Relationship between cardiac diffusion tensor imaging parameters and anthropometrics in healthy volunteers

J Cardiovasc Magn Reson. 2016 Jan 6;18:2. doi: 10.1186/s12968-015-0215-0.


Background: In vivo cardiac diffusion tensor imaging (cDTI) is uniquely capable of interrogating laminar myocardial dynamics non-invasively. A comprehensive dataset of quantative parameters and comparison with subject anthropometrics is required.

Methods: cDTI was performed at 3T with a diffusion weighted STEAM sequence. Data was acquired from the mid left ventricle in 43 subjects during the systolic and diastolic pauses. Global and regional values were determined for fractional anisotropy (FA), mean diffusivity (MD), helix angle gradient (HAg, degrees/%depth) and the secondary eigenvector angulation (E2A). Regression analysis was performed between global values and subject anthropometrics.

Results: All cDTI parameters displayed regional heterogeneity. The RR interval had a significant, but clinically small effect on systolic values for FA, HAg and E2A. Male sex and increasing left ventricular end diastolic volume were associated with increased systolic HAg. Diastolic HAg and systolic E2A were both directly related to left ventricular mass and body surface area. There was an inverse relationship between E2A mobility and both age and ejection fraction.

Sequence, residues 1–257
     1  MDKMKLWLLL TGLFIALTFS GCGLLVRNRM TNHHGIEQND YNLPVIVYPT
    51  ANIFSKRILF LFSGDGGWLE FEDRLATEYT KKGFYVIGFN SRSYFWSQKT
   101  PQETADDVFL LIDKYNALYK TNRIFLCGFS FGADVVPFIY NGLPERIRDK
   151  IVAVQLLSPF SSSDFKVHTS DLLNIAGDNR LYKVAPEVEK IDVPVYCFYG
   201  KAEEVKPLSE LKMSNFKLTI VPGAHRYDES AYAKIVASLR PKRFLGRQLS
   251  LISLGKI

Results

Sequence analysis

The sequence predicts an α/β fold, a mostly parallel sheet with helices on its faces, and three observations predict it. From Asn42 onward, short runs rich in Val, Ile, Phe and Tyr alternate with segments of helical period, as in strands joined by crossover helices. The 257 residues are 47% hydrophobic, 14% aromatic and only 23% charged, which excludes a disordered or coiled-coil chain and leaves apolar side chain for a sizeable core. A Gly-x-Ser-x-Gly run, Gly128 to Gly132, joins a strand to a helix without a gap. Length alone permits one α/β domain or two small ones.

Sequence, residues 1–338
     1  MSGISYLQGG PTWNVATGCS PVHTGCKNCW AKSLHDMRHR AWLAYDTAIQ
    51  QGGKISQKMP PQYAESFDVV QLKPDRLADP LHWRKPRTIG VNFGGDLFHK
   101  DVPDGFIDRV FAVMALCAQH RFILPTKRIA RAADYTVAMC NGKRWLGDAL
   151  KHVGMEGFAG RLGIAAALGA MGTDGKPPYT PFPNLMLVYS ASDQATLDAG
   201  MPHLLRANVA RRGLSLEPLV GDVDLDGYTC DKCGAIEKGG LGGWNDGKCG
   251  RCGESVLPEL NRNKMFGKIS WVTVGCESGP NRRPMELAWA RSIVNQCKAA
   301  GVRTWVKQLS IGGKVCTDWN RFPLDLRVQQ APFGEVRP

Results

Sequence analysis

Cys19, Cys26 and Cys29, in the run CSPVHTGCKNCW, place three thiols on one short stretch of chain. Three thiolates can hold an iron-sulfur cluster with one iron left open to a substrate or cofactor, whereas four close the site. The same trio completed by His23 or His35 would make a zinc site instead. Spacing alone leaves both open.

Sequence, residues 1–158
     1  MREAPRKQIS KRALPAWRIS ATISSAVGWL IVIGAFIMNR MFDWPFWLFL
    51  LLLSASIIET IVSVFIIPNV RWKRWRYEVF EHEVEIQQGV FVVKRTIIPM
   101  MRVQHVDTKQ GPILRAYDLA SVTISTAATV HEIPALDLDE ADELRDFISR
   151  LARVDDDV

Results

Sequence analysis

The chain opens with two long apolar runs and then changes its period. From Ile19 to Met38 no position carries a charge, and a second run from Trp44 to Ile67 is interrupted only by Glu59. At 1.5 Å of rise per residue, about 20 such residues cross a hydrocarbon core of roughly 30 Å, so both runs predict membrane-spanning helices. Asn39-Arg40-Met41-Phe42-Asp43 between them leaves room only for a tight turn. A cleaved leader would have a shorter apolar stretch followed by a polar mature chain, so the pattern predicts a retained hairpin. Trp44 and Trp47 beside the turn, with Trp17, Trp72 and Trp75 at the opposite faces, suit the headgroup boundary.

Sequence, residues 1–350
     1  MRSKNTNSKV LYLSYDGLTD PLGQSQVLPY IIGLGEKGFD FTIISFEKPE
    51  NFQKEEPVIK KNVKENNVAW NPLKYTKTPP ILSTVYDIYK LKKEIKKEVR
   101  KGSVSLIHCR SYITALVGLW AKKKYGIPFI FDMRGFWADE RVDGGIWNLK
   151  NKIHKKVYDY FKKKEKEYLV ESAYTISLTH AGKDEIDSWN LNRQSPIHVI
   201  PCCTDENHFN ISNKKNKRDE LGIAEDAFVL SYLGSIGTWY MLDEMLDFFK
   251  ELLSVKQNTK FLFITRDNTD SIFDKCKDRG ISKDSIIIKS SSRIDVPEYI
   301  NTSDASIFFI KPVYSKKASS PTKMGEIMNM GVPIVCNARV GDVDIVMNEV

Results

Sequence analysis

Conclusions: Future interpretations of quantitative cDTI data should take into account anthropometric variations observed with patient age, body surface area and left ventricular measurements. Further work determining the impact of technical factors such as strain and SNR is required.

Publication types

  • Research Support, Non-U.S. Gov't

MeSH terms

  • Adult
  • Age Factors
  • Aged
  • Analysis of Variance
  • Anisotropy
  • Anthropometry*
  • Body Surface Area
  • Diastole
  • Diffusion Tensor Imaging*
  • Female
  • Healthy Volunteers
  • Heart / anatomy & histology*
  • Heart / physiology*
  • Humans
  • Image Interpretation, Computer-Assisted
  • Linear Models
  • Male
  • Middle Aged
  • Predictive Value of Tests
  • Sex Factors
  • Stroke Volume
  • Systole
  • Ventricular Function, Left*
  • Young Adult